They focus on self 24/7. They focus on their bodies, the fans, beating and hurting the “enemy”, money and public image. Football is famous for scantily clad cheerleaders that make most prostitutes look modest. How can a truly saved Christian spend time in this environment? Is he witnessing to those around him and if he is, how can he tell his brothers to change their lives as long as he is going to the same parties as they are, tackling the same opponents they are, collecting millions of dollars as they are. Everything about professional sports stands in direct opposition against Christ. And I am not talking out of ignorance, I lived sports, I breathed sports. I played hockey, baseball, soccer. I wrestled and was very good at it. I worked out with weights since I was 12 years old. I dead-lifted over 400 pounds at one point. Then God broke me and opened my eyes to what I was doing. As I was sitting in the weight-room, I felt Him lay on my heart, “Look around, tell me what you see.” My eyes were opened and all I saw was vanity. Plain vanity. It was then I realized that I couldn’t do this stuff anymore. I changed right there and never looked back.

    Delwyn, I am probably hitting a lot of nerves here, but please understand what I am saying. Everything is to God’s glory. We will stand before Him one day and give account. What can a hockey player or football player say to God when he demands accountability? Will He care about the records? Will He care that Johnson dropped the ball?

    Three people die every second, Delwyn, think about that. Three people! How many people will go to hell while Johnson is doing barbell curls? How many people will go to hell while Johnson is collecting his millions? How dare this man blame God for his mistake? This is nothing more than a rich spoiled brat blaming someone else for his blunder.

    Let’s call a spade a spade here and admit that just because he’s black, and just because you like football and just because you look up to this guy with admiration doesn’t make what he did right. He was wrong. He slapped Jesus Christ in the face and embarrassed Him with his immaturity. That my point. Period.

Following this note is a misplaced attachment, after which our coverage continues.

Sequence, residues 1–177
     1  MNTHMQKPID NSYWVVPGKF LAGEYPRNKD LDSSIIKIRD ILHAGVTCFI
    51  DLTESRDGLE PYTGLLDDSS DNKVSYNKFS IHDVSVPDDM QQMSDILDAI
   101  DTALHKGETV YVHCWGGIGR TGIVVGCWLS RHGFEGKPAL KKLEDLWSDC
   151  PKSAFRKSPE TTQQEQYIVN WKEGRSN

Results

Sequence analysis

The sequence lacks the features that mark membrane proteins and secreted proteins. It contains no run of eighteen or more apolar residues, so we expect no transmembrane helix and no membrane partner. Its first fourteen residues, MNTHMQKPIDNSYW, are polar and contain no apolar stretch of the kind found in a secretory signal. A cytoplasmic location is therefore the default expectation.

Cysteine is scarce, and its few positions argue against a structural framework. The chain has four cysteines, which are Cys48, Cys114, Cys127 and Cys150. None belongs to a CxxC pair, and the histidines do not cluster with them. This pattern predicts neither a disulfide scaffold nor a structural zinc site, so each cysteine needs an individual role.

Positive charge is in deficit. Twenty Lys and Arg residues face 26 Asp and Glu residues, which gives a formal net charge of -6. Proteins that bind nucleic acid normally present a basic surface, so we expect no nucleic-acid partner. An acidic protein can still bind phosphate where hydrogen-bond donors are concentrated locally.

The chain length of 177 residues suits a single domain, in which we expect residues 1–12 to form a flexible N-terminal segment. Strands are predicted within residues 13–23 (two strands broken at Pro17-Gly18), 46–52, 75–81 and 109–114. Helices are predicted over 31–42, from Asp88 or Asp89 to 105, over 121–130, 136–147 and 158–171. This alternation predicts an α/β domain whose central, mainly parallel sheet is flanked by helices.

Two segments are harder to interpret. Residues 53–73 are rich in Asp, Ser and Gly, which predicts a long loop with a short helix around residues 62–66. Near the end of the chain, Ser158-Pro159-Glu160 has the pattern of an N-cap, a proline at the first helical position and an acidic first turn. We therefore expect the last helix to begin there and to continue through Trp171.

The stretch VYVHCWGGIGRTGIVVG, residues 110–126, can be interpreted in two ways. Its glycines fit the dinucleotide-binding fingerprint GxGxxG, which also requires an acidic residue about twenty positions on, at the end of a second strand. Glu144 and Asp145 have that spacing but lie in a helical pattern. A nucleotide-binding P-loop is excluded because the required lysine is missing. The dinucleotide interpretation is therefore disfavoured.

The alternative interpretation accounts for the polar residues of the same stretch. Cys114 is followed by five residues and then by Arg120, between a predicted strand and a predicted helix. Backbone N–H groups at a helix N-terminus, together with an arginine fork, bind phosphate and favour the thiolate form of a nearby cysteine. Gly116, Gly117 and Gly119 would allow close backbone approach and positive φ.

Let me know what you think…

    Reply

    • Delwyn X. Campbell Says:

      I don’t look up to him or admire him; in fact, since he does not play for Da Bears, I did not even know who he was until this game. As far as him blamimg God, I did not read that he said, “God, why did you make me drop the ball?” What he said was, “This is how you do me? You exxpect me to learn from this?”

      Now, as I recall, we often teach that we are expected to learn from adversity. Since Johnson was a starter, I must assume that he is normally a sure-handed receiver. This time, inexplicably, he dropped what appears to have been an easy catch. This is no different from what spiritually-minded people asked after a painful incident, “what was God saying through this horrible event?”

      Regarding sports and Christian athletes, I did not play any of the Big 4 in high school, but ran track. My track coach, Dave Chastain, was the leader of the Fellowship of Christian Athletes chapter at my school, Culver Miltary Academy. I have known of people, who were known for their Christian witness, people like Mike Singletary, former middle linebacker for the Bears, along with Reggie White, the late defensive star for the Green Bay Packers and Philadelphia Eagles. Tony Dungy, former coach for the Indianapolis Colts, whom I dislike (the Colts, not Dungy), is also known for his discipleship.

      I’m sorry, brother, I don’t share your distain for athletics, and regarding the number of people who are going to hell while he vented, the answer is, the same number as went while you were fulminating about him, so what’s your point, that you feel pretty good about yourself since you didn’t blame God for your article? Bottom line, he’s a young guy, he got frustrated and embarrased, and he vented – that is what people do on Twitter. A week from now, no one will remember it but you and me. By the way, I read the entire series of tweets, and, in the end, he said that he did learn from this experience.